Home    What's new    Search    Contact Us   Sign in / Register
· You are here: Home • Our work • Schools and education » • Teaching resources » • Key Stage 4 resources » • Key Stage 4 - From the field resources » • Seaweed farming
About us Our work What's on Geography today Press & Media News Join us
Royal Geographical Society (with IBG): the heart of geography
Seaweed farming lesson one - case study
Seaweed farming lesson two - Data analysis
Seaweed farming lesson three - Practical task
Seaweed farming follow up

'From the Field' Awards

Inspiring fieldwork supported by the RGS-IBG

Seaweed farming - Lesson three: Practical task
Measuring Quality of Life

Lesson threeKey questions

  • How can we measure “Quality of Life”?
  • How can we compare people & places to measure “Quality of life”?     

Background

From the researchers:

“The fact that we were women and approached the coasts by sea kayak enabled us to access areas that were frequently overlooked because they are not accessible by larger craft, and enabled us to engage differently with our respondents. Our kayaks created connections through their initial similarity to local canoes, and we were instantly welcomed on that basis.  The men, however, were fascinated by the boats, whilst the women were interested in us. We were warmly welcomed into their lives and respondents were immediately open to our questions about coastal lives and livelihoods. The kayaks, like local canoes, became a symbolic representation of liminal living, and a research tool that ‘worked’ to open up new ways of doing expedition geography.”

Finding out a person’s Quality of Life is difficult to do as asking a person how happy they are is very personal, as well as very subjective. Using Standard of Living Indicators is not much easier as, again, the information is personal and interpreting the data tricky. The Hugging the Coast researchers gave themselves the best chance of finding out the information they wanted by picking their methodologies very closely (interviews and travel by sea kayak).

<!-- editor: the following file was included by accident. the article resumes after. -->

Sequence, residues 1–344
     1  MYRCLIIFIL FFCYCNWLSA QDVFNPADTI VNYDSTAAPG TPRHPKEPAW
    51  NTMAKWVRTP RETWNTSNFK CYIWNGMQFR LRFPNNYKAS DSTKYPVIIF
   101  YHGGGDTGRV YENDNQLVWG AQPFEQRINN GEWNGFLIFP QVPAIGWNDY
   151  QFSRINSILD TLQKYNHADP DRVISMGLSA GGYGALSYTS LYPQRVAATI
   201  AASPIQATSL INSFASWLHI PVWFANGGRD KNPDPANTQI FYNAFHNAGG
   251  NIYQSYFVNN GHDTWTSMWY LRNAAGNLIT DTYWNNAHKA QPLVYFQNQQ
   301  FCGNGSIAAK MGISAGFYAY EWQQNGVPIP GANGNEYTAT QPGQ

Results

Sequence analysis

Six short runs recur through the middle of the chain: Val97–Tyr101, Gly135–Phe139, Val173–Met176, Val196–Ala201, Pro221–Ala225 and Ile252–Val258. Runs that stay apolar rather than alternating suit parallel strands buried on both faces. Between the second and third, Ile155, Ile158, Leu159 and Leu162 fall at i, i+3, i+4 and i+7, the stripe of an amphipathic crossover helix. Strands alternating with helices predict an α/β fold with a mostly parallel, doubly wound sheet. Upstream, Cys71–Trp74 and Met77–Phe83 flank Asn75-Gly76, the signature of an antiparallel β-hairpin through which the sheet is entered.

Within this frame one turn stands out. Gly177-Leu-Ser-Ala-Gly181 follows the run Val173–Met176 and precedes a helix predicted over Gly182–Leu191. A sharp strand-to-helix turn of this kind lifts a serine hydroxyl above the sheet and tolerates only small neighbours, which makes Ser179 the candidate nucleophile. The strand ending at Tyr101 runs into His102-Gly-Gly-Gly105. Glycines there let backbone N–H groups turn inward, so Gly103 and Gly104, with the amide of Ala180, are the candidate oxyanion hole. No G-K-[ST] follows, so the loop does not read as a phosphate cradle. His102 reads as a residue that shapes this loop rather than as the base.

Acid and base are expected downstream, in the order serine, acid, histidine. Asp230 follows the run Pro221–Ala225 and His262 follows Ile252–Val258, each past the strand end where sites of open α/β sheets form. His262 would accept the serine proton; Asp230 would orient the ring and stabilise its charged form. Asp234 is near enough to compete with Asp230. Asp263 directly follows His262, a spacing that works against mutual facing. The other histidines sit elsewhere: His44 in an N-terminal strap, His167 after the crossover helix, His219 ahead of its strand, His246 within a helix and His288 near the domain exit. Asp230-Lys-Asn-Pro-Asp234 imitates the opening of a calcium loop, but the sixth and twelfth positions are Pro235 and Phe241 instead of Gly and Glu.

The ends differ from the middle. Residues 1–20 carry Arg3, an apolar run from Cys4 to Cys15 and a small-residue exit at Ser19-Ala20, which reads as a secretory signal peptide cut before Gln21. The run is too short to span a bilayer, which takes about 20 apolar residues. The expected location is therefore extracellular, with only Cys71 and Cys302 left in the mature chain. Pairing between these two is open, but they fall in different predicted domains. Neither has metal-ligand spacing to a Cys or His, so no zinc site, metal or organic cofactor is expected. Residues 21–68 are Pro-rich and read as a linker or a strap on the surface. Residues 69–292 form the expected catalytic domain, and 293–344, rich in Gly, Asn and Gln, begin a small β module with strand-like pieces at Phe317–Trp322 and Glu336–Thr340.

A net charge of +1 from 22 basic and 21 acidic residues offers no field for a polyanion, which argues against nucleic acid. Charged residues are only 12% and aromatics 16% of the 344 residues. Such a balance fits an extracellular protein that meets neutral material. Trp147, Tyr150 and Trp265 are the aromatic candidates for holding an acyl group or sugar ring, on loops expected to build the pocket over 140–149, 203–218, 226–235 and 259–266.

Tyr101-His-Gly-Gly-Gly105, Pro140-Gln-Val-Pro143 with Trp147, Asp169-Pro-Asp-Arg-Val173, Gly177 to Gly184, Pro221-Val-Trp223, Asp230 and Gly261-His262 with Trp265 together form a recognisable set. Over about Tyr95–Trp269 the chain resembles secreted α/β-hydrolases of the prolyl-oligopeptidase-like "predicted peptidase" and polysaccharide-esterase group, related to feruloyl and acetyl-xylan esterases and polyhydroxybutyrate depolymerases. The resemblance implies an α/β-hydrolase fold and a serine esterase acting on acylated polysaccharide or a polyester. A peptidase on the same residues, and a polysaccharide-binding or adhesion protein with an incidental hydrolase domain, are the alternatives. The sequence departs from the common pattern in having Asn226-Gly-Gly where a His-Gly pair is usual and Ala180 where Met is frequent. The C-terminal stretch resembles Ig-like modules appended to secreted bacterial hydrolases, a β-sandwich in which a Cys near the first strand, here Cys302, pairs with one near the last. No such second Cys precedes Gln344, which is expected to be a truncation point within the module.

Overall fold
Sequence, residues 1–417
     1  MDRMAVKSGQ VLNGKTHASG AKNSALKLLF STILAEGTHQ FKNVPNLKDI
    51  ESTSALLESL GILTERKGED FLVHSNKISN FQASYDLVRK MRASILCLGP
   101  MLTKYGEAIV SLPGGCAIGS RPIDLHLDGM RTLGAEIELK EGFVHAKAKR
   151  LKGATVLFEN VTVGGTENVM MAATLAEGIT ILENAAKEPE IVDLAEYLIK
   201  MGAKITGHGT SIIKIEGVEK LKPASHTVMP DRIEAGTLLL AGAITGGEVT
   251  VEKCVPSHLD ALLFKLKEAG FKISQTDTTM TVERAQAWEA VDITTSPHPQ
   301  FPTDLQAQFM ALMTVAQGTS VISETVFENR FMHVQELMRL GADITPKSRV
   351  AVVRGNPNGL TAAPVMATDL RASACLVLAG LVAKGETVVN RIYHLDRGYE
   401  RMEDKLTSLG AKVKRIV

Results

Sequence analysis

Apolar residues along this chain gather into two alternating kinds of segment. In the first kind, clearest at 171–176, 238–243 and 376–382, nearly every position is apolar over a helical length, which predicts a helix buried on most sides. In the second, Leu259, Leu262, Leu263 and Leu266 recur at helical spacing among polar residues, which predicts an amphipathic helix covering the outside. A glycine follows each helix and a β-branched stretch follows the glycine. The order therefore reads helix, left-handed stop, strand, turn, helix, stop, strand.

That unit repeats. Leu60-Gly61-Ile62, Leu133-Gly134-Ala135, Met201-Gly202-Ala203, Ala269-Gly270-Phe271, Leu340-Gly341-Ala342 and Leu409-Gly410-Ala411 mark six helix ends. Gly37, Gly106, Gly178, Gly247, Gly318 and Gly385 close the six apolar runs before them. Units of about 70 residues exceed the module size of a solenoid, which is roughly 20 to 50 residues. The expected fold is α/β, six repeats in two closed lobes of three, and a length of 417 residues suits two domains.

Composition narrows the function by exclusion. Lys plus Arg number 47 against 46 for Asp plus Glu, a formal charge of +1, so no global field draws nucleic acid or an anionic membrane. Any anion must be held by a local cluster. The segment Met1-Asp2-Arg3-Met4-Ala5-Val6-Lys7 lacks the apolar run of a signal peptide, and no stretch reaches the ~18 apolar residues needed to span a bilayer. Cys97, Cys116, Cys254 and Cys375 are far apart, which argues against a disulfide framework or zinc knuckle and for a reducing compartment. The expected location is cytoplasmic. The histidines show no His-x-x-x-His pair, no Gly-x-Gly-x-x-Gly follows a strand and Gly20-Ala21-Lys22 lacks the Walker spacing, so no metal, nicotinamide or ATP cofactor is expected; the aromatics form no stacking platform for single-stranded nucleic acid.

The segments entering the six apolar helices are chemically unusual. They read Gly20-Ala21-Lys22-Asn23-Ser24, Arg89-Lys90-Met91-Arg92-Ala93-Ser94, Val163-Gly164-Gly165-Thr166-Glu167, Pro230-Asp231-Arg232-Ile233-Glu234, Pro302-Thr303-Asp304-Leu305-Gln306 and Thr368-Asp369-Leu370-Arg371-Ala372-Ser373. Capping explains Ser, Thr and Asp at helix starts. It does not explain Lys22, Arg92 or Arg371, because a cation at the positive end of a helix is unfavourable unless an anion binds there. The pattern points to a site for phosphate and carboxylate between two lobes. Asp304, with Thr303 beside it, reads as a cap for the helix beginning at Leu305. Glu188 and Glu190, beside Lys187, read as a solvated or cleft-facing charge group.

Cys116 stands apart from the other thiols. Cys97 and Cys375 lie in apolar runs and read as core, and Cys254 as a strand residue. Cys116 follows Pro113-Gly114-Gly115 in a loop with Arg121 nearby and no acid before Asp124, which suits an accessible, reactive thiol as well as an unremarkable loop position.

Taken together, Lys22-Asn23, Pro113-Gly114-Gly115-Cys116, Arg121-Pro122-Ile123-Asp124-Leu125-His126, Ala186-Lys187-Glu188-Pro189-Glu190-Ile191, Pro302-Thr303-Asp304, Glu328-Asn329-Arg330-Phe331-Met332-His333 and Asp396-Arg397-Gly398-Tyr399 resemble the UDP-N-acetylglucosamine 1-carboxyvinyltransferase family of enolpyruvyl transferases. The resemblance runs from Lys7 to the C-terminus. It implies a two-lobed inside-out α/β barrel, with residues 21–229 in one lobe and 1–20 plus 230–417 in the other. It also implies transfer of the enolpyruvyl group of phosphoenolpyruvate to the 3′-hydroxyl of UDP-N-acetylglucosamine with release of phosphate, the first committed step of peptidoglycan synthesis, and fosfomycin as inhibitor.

In the previous lessons students have analysed Quality of Life and Standards of Living through the use of photographs, video and in depth interviews. In this lesson students will take those skills and use them to contrast different ways of life.

 

Starter

Students work in pairs. Student one is given a card containing one of the definitions from the glossary. Student two asks questions to the first student to find out what their definition is. The two students then swap over. 

Main

Students are put into groups and set the challenge of discovering the Quality of Life of the other people in the class. They are then to compare their findings with the Quality of Life for the people in the expedition area.

  • Ask students to think about different indicators which could be used to measure quality of life. (more able students should be able to distinguish between social, economic, environmental, political indicators)
  • Use photos/text from across this set of resources to compare quality of life in Indonesia with the students’ lives
  • Investigate how, and the reasons  why,  men and womens’ quality of life may differ

Task: Students could complete a comparison table.

Homework

Write a summary report comparing different measurements of quality of life between student’s home area and Indonesia.

· Accessibility statement
· Terms and Conditions, and Cookie use
· Contact Webmaster
· Download Adobe Reader
· RGS-IBG is not responsible for the content of external internet sites

Bookmark and Share